The decision also allocates the costs and benefits of extended DCPP operations among all load-serving entities subject to the CPUC’s jurisdiction; creates a new non-bypassable charge and associated processes to collect DCPP extended operations costs; establishes a new process, similar to the annual Energy Re­source Recovery Account proceedings, to review and authorize DCPP extended operations costs; and pro­vides further direction on the use of surplus performance-based fees.

On January 16, PG&E submitted an Application for Rehearing (AFR) of D.23-12-036 and argued that D.23-12-036 commits legal error by requiring PG&E to obtain CPUC approval before spending operat­ing-risk compensation and by requiring operating-risk compensation to offset actual operating costs over 115% of forecasted costs.  On the same day, Californians for Renewable Energy (CARE) sub­mitted an AFR of the same decision, arguing that the CPUC failed to:  (1) deter­mine if there were adequate new renew­able and zero-carbon resources to replace Diablo Canyon by the end of 2023, (2) de­termine that extend­ing the operation of Diablo Canyon was prudent, (3) determine the true costs of ex­tending Diablo Canyon operations, (4) analyze whether the project was reliable, and (5) de­termine if the project was safe.  Responses to these AFRs were submitted on January 31.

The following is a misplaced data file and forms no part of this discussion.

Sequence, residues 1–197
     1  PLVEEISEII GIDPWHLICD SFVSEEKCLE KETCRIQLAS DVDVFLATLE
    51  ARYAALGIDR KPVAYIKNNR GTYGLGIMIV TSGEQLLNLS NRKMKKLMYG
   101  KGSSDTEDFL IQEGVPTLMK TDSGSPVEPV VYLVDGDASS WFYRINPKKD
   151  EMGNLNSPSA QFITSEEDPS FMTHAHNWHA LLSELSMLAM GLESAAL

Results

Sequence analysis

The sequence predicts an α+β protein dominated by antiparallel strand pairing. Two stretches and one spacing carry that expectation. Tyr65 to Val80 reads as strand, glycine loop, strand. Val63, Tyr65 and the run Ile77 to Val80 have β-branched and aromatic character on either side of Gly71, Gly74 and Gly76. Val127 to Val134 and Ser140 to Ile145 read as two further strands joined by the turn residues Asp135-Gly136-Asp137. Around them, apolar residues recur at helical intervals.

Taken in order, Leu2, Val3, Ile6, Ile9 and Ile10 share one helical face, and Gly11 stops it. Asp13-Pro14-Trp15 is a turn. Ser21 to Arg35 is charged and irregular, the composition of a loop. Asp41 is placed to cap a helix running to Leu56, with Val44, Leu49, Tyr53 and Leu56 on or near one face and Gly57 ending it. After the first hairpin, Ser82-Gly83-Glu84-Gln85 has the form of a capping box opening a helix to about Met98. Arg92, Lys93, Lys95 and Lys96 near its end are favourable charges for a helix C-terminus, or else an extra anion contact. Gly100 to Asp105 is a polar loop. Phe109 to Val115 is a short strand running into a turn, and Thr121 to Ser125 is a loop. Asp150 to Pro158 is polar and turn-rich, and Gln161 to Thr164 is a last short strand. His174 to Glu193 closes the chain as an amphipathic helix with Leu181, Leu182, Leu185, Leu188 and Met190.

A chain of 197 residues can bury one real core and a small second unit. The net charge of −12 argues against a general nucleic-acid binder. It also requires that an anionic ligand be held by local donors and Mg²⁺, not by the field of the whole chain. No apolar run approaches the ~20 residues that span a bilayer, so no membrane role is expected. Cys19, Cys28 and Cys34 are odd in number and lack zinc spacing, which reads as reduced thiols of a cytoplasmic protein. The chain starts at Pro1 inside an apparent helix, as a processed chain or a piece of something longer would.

Energy Efficiency (EE) (R.13-11-005)

On November 17, ALJ Kao issued a Ruling Inviting Comment on the Draft Revised Normalized Metered Energy Consumption (NMEC) Rulebook.  On November 30, ALJ Kao granted an extension request made by SDG&E to extend the due dates of Opening and Reply Comments on this Ruling.  Opening Comments were due on February 29 and Reply Comments on March 15.